The most stable approach I have found is to manually specify the Nth coefficient as (1 - all others) within a RooFormulaVar. This doesn’t give me the “[#0] WARNING:Eval – RooRealSumPdf::evaluate(pdf WARNING: sum of FUNC coefficients not in range [0-1], value=1.0001” error that using N functions and N-1 coefficients gives. The warning message doesn’t always prevent the fit from converging, but sometimes it has done. I don’t have any such issues when using the RooFormulaVar as my Nth coefficient.

When I used N functions and N RooRealVar coefficients, the coefficient parameters would reach limits and the fit would not converge. I guess the RooRealSumPdf just wasn’t properly normalised in such an instance?

Yes, when the coefficients go out of control, it’s not being normalised properly. That, however, should not happen with N-1 coefficients, because 1-sum(coeff) is precisely what should be done internally.

Thanks again for your help with RooRealSumPdf. I have since been trying to use 4D RooHistFuncs as input to RooRealSumPdf (extending my work from 3D), but I am having issues with the PDF normalisation. I have attached a short test script which:

Reads in 12 component RooHistFuncs from ROOT files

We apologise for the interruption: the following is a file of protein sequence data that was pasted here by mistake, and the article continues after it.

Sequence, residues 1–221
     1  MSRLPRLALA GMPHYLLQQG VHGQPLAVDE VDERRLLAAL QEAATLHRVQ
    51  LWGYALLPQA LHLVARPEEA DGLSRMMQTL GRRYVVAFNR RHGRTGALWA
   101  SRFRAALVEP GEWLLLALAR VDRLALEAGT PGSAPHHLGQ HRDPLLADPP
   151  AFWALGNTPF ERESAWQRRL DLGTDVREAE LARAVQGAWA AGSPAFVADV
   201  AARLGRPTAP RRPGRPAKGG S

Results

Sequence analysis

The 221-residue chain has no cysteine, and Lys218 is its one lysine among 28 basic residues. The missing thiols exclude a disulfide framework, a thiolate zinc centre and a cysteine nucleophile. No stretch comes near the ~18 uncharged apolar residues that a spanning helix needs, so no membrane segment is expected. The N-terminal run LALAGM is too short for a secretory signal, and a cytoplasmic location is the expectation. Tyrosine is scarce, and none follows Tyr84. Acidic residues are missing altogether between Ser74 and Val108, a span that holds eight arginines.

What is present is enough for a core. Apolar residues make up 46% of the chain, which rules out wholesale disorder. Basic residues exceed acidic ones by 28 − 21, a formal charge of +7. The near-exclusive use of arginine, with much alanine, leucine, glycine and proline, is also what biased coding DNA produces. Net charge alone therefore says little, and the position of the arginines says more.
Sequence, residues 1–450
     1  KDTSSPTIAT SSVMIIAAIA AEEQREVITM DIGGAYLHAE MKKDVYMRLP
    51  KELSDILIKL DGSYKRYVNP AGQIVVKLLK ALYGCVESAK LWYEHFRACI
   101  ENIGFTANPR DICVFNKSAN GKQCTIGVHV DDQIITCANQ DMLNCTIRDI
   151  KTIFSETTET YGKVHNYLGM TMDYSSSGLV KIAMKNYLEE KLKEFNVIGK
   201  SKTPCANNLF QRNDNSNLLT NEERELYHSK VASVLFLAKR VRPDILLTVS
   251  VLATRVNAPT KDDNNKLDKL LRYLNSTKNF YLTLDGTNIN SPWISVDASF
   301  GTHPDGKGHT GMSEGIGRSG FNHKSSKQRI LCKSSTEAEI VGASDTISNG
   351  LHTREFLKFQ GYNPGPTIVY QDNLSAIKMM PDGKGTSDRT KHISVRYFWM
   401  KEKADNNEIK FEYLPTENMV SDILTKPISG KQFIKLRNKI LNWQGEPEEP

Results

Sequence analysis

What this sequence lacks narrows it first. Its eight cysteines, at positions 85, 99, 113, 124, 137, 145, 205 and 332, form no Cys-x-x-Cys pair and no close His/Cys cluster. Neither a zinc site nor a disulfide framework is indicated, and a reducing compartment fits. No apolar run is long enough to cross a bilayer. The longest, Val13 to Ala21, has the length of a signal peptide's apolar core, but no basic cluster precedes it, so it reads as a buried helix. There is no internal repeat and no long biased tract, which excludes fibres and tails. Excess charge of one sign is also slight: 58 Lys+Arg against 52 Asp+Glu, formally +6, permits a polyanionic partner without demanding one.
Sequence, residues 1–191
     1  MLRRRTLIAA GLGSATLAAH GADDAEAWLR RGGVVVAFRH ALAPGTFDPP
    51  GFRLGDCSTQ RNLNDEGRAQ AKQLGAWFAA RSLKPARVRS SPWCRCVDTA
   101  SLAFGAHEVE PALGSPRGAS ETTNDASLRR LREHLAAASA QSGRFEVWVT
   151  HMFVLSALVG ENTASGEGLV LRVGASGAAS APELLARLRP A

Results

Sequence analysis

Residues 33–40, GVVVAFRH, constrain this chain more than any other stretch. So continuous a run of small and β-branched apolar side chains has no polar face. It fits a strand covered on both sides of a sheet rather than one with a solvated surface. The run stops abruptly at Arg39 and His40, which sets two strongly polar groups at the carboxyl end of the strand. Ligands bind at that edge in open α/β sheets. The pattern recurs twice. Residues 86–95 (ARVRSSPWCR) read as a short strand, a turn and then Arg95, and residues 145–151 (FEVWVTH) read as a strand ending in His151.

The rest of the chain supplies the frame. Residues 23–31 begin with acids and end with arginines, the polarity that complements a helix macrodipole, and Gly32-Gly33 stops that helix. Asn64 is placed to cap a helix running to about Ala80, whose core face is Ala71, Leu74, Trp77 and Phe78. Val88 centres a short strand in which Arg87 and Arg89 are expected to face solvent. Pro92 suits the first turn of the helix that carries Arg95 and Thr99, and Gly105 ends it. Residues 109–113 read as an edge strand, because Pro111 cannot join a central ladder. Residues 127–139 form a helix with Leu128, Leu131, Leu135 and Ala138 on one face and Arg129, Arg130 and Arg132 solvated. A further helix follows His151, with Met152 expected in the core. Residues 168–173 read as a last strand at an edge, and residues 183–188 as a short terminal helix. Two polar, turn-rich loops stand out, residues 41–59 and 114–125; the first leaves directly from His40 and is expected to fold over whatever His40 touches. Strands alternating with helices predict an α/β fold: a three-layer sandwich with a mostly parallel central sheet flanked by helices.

Adds them together in a RooRealSumPdf using N - 1 coefficients (12th coeff is required to be 1 - all others)

Generates a toy dataset from the RooRealSumPdf

Fits the toy data with the RooRealSumPdf and plots the results

I see that the PDF is not plotted correctly normalised, even if the RooFitResult itself doesn’t look so bad. I also saw the same issue using a 3D RooRealSumPdf, but in this case I fixed it by doing:

pdf.forceNumInt()

This is the same logic that HistFactory uses internally. Unfortunately using this line leads to errors when I use a 4D RooRealSumPdf. Any advice as to what might be going wrong would be very helpful!

I guess the problem is the RooBinIntegrator. It looks like it only handles 1, 2, and 3-dimensional distributions.

You could try other integrators (that are probably much slower, because they don’t understand that the distribution is binned). Possible options (untested):
– RooAdaptiveIntegratorND
– RooMCIntegrator

You could try to extend the bin integrator to N dimensions, and maybe create a pull request if you succeed. It looks like you “only” need to reproduce the code that is already there for 1 to 3 dimensions.

Thanks a lot for the reply! I tried RooAdaptiveIntegratorND and RooMCIntegrator, but I see the same behaviour when fitting and plotting with those. They also give the same errors as RooBinIntegrator when I use pdf.forceNumInt(). So the problem is two-fold:

Without pdf.forceNumInt(), the RooRealSumPdf doesn’t look correctly normalised.

With pdf.forceNumInt(), it returns errors in 4D.

Just to reiterate that a 3D RooRealSumPdf also requires forceNumInt() in order to display correctly, but it does work. It seems that the extension to 4D using forceNumInt() is the source of the issue.

I will keep an eye on the JIRA - thanks for setting it up!